Living with her aunt in a gypsy caravan, Cinnamon tells fortunes while longing for the life of a princess, and when she meets the Princess Cyprina, she is invited to live with her in the palace.
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Kindergarten-Grade 3. Cinnamon, a young gypsy, has always dreamed of living in a palace. So when Princess Cyprina visits to have her fortune told and invites Cinnamon to return with her, the girl abandons Babalatzzi the dancing bear and her old auntie without a backward glance. Cinnamon is sumptuously dressed and entertained but royal life soon loses its dazzle. Her loneliness manifests itself in dreams of her gypsy friends, and she heads for home. When Babalatzzi doesn't recognize her, she plunges into a lake to remove the final trappings of royalty and joyously returns to her former life. Gilman's writing effectively captures the spirit and cadence of a traditional fairy tale. However, because this original fantasy relies heavily on the "grass is always greener" premise, Cinnamon's actions are predictable and the story is robbed of dramatic tension. Still, the girl's transition from wild gypsy child to primped and pampered princess is interesting to observe. The tempera illustrations are overly sweet but lustrous, and the repeated use of gilded frames enhances their painterly quality; some of the scenes burst out of the frames, adding to their drama and vitality. There are several intriguing details and the human characters are realistically portrayed; unfortunately, Babalattzi resembles a stuffed animal. While not as vibrant and compelling as the author's Something from Nothing (Scholastic, 1993), this book will satisfy demand for tales of princesses and palaces.?Carol Ann Wilson, Westfield Memorial Library, NJ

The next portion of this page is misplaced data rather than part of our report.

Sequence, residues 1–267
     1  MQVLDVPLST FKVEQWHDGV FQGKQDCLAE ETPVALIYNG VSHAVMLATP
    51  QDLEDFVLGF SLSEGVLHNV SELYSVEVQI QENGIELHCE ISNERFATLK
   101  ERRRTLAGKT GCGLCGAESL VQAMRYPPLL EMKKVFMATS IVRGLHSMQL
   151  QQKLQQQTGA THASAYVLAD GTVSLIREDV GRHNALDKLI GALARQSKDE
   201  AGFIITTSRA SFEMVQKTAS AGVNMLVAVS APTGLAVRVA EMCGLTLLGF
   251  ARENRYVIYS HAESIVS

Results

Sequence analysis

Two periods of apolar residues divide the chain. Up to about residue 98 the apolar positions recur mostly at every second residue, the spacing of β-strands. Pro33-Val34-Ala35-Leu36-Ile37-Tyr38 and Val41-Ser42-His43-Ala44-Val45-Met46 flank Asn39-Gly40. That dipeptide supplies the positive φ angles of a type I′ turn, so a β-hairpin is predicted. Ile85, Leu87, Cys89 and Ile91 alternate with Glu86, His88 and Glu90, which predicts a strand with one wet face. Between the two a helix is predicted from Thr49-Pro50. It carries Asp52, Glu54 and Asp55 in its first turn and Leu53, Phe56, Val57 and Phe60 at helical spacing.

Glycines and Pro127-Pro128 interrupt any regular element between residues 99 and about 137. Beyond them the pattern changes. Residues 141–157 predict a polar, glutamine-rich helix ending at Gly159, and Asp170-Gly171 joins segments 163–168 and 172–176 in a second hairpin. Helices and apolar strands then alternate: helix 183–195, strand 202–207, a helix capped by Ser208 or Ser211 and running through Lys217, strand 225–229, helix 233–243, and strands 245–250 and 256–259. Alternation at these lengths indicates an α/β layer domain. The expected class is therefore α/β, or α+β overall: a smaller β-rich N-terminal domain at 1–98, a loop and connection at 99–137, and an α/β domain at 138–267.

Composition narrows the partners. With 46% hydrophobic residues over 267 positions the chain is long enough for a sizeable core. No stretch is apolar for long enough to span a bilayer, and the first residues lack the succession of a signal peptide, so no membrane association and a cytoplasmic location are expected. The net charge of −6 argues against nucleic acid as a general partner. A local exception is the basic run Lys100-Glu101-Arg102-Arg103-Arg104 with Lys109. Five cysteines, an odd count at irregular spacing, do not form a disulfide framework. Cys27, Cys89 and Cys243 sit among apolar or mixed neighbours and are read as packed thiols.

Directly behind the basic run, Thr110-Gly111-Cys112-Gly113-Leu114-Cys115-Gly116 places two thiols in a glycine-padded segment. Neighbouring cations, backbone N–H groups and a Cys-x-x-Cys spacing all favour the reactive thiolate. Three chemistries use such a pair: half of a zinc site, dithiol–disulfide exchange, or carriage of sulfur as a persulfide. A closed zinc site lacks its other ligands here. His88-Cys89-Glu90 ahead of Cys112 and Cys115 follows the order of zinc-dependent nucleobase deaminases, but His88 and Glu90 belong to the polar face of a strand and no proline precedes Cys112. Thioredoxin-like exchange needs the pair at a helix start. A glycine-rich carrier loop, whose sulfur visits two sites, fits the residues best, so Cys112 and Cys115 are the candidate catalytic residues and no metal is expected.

Copyright 1997 Reed Business Information, Inc.
Ages 5^-8. Like many little girls, gypsy girl Cinnamon dreams of being a princess. After she tells the fortune of a real princess, she receives an invitation to live at the royal palace. It's not surprising that "Princess" Cinnamon eventually tires of her lonely life of luxury. What is unexpected is Cinnamon's discovery that it can be very difficult to give up wealth, even if keeping it means unhappiness. This is a smoothly told story, albeit with some dubious gypsy stereotypes thrown in. But it's the romantic--if stilted--full-page paintings of little girls with golden crowns, pomaded hair, and silk ball gowns that will capture young readers' attention. Once Cinnamon is at the palace, tiny framed miniatures show what is happening at home. Expressly for the princess-book crowd. Julie Corsaro
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Descrizione libro Scholastic Canada, Limited, 1997. Paperback. Condizione libro: New. Codice libro della libreria P110590123890